Today, you can walk through the ruins of the once great cathedral and seven churches, gaze at the imposing round-towers – (2 in total) and admire the intricate skills of the stone-masons who created the striking and towering high crosses. If you happen to be passing through on September 9th St. Ciarán’s feast day – you should (as per tradition) walk around the site three times!

The site has an excellent visitor-centre housed in 3 buildings including a timeline for the site, with the original crosses and several grave-slabs on display inside to protect them from the elements. Excellent copies are instead located in their original locations around the site. An audio-visual is definitely worth a look and an on-site café will provide you with subsistence for your next part of your journey!

Kilbeggan in County Westmeath is the home of Kilbeggan Whiskey and also your next stop – just 40 minutes away. Whiskey first came to Ireland with a band of French monks in the 6th century, and while the French may have given it to us – we have certainly perfected it and it and made it our own! Learn all about the history of whiskey in Ireland, the processes involved in its production and if you are lucky enough, you may be able to indulge in a little sample! The Kilbeggan Distillery is the oldest licensed whiskey distillery in the world, dating from 1757 and it’s tumultuous history is both lively and entertaining. The distillery has its own restaurant The Pantry, so you can enjoy a coffee there before heading onto Dublin just over an hour away.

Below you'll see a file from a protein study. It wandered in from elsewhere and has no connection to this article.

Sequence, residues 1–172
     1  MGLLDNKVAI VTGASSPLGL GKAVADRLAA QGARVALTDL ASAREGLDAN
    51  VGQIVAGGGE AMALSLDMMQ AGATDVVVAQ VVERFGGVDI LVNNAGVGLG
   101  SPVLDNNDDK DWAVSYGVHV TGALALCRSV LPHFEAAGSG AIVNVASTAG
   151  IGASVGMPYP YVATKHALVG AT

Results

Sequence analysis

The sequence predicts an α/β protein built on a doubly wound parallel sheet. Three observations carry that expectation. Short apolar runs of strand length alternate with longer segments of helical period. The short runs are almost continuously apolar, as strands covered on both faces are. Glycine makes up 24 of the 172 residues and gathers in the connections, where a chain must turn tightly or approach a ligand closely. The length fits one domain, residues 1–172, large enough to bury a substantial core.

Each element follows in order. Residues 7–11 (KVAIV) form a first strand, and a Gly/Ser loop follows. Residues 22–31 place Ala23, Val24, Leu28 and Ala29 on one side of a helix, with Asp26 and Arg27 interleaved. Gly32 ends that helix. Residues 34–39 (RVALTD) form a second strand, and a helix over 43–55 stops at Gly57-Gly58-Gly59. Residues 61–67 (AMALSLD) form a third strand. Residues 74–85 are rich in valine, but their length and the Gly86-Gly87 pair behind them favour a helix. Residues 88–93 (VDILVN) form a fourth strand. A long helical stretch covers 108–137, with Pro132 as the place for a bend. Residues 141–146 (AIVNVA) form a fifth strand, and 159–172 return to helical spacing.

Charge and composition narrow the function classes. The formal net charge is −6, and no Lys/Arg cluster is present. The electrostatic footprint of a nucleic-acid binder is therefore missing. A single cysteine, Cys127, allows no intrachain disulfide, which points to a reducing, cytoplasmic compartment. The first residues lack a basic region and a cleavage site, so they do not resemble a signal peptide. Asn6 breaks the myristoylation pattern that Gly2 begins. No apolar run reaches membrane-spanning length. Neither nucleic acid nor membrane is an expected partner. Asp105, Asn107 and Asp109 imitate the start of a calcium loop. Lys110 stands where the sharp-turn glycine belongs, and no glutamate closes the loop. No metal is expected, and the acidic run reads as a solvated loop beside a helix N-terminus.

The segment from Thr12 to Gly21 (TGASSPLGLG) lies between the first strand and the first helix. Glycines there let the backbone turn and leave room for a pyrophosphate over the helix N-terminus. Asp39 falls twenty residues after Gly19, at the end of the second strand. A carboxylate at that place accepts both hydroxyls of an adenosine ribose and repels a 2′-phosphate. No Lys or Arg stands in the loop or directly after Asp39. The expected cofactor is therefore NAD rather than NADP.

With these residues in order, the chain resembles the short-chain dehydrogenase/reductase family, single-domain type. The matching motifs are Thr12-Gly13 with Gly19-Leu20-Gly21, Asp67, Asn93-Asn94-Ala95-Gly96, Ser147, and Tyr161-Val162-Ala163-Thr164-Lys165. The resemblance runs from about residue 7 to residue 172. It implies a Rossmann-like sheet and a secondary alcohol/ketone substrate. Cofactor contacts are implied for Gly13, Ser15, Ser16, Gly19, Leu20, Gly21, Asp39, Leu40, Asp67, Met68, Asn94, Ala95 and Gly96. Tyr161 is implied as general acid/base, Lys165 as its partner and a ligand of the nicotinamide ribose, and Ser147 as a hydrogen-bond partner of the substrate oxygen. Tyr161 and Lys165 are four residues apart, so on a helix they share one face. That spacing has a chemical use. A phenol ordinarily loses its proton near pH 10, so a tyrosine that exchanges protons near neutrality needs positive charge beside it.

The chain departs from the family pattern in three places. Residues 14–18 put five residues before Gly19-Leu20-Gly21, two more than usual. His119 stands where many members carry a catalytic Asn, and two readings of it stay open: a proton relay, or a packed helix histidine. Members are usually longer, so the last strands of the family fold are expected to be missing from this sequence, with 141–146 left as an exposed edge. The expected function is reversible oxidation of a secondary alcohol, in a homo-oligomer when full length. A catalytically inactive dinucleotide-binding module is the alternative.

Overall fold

Arriving back in the capital, you have will have seen all the very best that Ireland has to offer enjoying the best of our culinary and scenic treasures. Perhaps there are some attractions you would still like to visit, last minute souvenirs to buy or cafes or restaurants to sample.. Or maybe you are just craving to wander the streets of this wonderful city. Enjoy your last night in Dublin and indeed Ireland as you prepare for your visit home, make sure to pack everything including all of those sensational memories!

Day 8 – Departure

We hope that the taste buds have been tickled and your senses indulged on Clodagh’s wonderful Food Trails! No doubt your recipe journal is absolutely brimming with ideas, recipes, hints and tips for you to try for yourself and impress your family and friends with!

Watch out for Clodagh’s new TV series in 2013 – Clodagh’s Gourmet Ireland which will begin filming in September 2013 and airing in 2014…another reason to come back maybe?!

For a full listing of food markets in Ireland and their own individual websites see.

For a listing of food related festivals in Ireland see


For anything else foodie related that you’re interested in – please don’t hesitate to contact Liz for more information at and she’ll be happy to assist.